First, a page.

Wedding Crashers (2005) - Uncorked Edition

Genre(s): Comedy / Romance
New Line || Unrated - 128 minutes - $28.98 || January 3rd, 2006
Reviewer: Brian Oliver || Posted On: 2006-01-16

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.:: F I L M ::.
The Film

.: F E A T U R E S :.

Special Features

A U D I O &
.:: V I D E O ::.

Audio and Video

.:: O V E R A L L ::.
Director: David Dobkin
Writer(s): Steve Faber (written by) & Bob Fisher (written by)
Cast: Owen Wilson, Vince Vaughn, Christopher Walken, Rachel McAdams, Isla Fisher, Jane Seymour, Bradley Cooper

Theatrical Release Date: July 15th, 2005

Supplemental Material:
  • Director Commentary
  • Actors' Commentary
  • Deleted Scenes
  • Event Planning Featurette
  • The Rules Featurette
  • The Rules of Wedding Crashing
  • Trailers
  • Soundtrack
  • R-Rated Theatrical Version

Technical Information:
  • Number of Discs: 1
  • Widescreen (2.35)
  • English (Dolby Digital 5.1), English (Stereo Surround 2.0)
  • Subtitles: English, Spanish

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.::THE FILM::.


In 2005 there was a competition on the Net on which comedy was better, Wedding Crashers or The 40-Year-Old Virgin. Now that both are on DVD, it's easier to get a better look at them and, after watching both in the past month, I have to give the edge to Crashers because of the comedic duo of Owen Wilson and Vince Vaughn -- both of whom are in the "frat pack" along with Ben Stiller, Luke Wilson, Jack Black and Will Farrell. Beyond just them, there's also the combos of Wilson and the lovely Rachel McAdams, and Vaughn and the cooky Isla Fisher. It's not to say 40 Year-Old Virgin isn't good, I felt Wedding Crashers was ever so slightly better after watching it again on DVD.

In terms of the extra 8½ minutes, there's nothing of note (unlike 40YOV). There's some extra character stuff with the weird brother and the butler catches the cooky sister and Jeremy in the bathroom (which leads to another scene later). But for all you hoping for more boob shots, sorry...

Original Review:
Romantic comedies, in my book, are the most difficult movies to critique in my book. Plots in this genre rarely vary which means it must try extra hard to compensate against a formula so predictable that is (more often) eye-rolling at best. What better way to break the mold than sticking in two members of the 'Comedy Rat-Pack' than Vince Caughn and Owen Wilson?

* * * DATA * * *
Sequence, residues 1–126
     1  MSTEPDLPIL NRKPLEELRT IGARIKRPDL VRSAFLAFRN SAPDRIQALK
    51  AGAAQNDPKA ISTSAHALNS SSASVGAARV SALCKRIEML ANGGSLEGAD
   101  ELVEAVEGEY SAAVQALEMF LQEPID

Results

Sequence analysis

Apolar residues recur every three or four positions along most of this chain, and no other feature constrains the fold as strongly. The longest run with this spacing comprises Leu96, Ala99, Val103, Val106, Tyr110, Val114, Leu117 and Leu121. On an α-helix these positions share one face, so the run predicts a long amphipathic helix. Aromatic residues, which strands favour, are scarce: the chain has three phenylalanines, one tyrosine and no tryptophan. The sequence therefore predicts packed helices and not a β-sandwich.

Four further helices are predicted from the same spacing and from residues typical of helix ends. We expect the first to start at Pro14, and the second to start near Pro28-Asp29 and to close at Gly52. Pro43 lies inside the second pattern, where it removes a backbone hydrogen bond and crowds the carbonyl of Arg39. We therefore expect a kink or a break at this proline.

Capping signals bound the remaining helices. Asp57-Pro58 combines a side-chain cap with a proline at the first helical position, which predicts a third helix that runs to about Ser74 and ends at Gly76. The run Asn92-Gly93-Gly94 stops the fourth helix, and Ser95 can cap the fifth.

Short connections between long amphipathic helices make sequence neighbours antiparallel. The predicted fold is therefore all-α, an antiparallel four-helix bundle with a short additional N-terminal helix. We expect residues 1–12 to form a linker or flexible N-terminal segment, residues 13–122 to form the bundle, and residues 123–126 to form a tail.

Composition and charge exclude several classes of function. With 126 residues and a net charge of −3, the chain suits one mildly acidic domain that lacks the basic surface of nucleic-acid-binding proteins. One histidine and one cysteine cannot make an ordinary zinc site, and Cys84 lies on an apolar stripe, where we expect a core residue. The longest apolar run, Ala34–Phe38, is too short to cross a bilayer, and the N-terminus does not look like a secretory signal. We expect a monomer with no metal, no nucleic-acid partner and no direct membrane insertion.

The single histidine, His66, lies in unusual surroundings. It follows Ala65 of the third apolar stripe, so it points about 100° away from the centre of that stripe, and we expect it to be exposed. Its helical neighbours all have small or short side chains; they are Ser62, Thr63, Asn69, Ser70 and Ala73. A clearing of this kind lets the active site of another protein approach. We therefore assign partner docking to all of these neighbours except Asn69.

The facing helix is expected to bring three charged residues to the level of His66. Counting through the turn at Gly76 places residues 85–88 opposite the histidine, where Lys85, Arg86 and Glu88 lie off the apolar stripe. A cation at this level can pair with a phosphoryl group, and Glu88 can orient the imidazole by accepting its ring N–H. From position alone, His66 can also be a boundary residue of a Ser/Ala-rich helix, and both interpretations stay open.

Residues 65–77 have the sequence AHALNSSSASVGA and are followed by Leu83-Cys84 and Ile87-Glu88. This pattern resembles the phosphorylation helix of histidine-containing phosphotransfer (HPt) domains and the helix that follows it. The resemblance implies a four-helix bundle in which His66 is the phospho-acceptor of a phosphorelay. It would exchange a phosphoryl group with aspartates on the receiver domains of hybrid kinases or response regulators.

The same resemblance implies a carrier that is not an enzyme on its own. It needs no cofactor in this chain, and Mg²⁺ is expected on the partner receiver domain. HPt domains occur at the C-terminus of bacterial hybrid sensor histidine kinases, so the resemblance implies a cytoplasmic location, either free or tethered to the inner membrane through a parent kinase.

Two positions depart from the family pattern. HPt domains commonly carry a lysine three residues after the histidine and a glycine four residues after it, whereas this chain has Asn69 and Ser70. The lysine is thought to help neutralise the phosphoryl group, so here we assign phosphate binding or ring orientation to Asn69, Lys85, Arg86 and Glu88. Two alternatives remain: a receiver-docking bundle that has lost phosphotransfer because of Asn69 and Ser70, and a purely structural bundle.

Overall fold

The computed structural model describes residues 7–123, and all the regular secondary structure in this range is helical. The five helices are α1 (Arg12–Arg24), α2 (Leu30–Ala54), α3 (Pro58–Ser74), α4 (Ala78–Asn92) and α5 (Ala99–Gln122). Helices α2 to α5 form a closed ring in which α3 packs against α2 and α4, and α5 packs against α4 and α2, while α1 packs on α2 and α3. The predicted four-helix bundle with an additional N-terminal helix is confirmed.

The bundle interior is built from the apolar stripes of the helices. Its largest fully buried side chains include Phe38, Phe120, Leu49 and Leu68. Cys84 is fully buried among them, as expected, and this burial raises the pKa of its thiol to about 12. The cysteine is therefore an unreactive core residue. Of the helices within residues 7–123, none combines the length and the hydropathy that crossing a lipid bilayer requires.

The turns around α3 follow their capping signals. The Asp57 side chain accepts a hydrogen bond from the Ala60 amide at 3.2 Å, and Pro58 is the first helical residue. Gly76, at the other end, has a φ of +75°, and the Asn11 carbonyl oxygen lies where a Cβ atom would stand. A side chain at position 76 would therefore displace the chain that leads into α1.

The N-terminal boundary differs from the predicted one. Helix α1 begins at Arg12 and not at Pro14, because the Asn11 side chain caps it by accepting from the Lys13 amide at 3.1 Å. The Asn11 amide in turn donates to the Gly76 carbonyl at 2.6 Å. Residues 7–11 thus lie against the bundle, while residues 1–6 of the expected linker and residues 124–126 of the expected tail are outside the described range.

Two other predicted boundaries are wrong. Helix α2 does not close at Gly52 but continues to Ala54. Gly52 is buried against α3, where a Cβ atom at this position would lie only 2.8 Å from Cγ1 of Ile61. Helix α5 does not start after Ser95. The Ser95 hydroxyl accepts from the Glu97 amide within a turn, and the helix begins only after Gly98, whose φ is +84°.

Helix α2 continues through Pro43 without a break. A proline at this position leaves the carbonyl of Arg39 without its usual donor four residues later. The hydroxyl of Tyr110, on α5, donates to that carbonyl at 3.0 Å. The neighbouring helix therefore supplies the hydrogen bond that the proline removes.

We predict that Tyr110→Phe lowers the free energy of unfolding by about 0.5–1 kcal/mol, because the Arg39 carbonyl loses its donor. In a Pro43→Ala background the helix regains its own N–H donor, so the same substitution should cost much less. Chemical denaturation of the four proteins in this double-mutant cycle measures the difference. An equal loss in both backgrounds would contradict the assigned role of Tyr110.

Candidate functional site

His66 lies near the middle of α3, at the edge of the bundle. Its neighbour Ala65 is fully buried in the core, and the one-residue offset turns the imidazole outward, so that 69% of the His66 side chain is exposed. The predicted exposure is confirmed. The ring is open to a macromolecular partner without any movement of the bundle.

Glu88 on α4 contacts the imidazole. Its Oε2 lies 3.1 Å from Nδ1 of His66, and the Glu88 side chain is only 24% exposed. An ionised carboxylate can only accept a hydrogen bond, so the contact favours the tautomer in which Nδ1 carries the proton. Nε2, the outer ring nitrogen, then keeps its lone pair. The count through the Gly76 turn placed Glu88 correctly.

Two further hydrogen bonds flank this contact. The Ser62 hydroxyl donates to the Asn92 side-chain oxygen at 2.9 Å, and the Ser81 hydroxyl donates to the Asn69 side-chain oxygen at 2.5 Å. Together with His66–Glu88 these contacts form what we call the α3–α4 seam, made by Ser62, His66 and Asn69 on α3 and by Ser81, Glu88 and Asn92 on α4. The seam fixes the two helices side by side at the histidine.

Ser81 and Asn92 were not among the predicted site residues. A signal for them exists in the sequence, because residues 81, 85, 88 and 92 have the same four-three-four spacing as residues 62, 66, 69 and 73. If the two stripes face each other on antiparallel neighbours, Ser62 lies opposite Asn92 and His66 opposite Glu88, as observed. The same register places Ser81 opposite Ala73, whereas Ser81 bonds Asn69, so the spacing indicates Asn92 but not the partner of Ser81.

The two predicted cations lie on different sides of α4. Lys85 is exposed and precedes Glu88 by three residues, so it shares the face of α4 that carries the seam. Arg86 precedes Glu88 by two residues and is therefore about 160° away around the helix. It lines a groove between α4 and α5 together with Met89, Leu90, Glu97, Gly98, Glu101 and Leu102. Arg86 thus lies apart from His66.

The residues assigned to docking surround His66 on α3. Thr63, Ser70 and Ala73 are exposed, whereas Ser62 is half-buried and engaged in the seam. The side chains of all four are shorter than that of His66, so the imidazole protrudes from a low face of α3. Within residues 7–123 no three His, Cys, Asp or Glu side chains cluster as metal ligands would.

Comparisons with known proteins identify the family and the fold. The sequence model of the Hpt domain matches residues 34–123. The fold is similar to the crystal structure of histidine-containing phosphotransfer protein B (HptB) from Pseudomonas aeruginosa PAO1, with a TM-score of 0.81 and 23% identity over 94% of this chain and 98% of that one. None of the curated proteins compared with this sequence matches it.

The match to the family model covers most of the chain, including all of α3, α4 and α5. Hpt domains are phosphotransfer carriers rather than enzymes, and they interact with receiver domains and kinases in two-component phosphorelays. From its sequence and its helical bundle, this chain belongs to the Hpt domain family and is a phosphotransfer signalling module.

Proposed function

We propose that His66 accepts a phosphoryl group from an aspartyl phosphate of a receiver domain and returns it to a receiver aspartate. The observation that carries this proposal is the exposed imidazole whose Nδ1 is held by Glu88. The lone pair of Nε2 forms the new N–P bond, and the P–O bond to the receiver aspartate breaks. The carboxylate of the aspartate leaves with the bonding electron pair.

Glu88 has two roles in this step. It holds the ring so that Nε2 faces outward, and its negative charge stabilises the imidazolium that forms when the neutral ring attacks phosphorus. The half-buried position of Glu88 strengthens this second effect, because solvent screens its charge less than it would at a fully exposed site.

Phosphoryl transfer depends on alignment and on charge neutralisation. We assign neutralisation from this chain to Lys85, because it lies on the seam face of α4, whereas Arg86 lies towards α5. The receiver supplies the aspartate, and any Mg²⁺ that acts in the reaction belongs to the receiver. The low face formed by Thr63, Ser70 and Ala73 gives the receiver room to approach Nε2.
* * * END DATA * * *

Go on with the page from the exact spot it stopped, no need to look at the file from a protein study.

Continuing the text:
Wedding Crashers is about lawyer/mediators John Beckwith (Wilson; Starsky & Hutch) and Jeremy Klein (Vaughn; Mr. & Mrs. Smith), two immature grown men who go from one wedding to the next with the goal of scoring with some of the ladies. The first part of the movie adequetly portrays their bahavior with funny montages of them at different cultural ceremonies (Asian, Jewish, etc) where, at the end, they end up in bed with some hot women. This, as it was explained by Jeremy, is the "season" as they scope out the parties.

After this "season" was through, Jeremy finds the ultimate one, however... the wedding of the daughter of the Secretary of Treasury William Cleary's (Walken; Man on Fire) daughter. At the ceremony, John and Jeremy pick their prey with Jeremy taking dibs on cute redhead, but nutty, Gloria Cleary (Fisher; I Heart Huckabees) and John taking Claire Cleary (McAdams; The Notebook), a woman he's actually falling for. The problem? Yeah, she has a serious boyfriend, Zach (Cooper; TV's "Alias"), an egotistical typical movie a-hole whose sole purpose is to put a road block in the main characters' plans for happiness.

The comedy tag team of Owen Wilson and Vince Vaughn is just as priceless as that of the O. Wilson/Stiller (Starsky & Hutch or Vaughn/Ferrell/L. Wilson (Old School) team-ups of yesteryear. Although neither Wilson nor Vaughn break any kind of new ground with their "acting" chops as they play the same characters they have before -- with Owen playing the quiet, soft spoken romantic ladies man versus Vaughn's more aggressive and loud style.

That said, there was one element added to Vaughn's comedic efforts, the humiliation factor that, before now, was played by Ben Stiller in Meet the Parents or Jason Biggs in the Pie movies. If it were many other actors, it could've been flat and stupid, but after seeing Vaughn play the macho man/a-hole in so many films, it works very well.

In the middle of Wilson and Vaughn is the absolutely gorgeous Rachel McAdams who convinced me 100% that she is a bonefide star in last year's The Notebook and Mean Girls, two roles so different, yet played to near perfection. While indeed Julia Roberts will get the big paychecks, the covers of the "beauty" magazines and the top scripts in Hollywood, it is in this critic's opinion (and as someone who does NOT have anything against Roberts herself) that McAdams is not only an A-list actress quickly in the making, she is an Oscar contender in the works as well.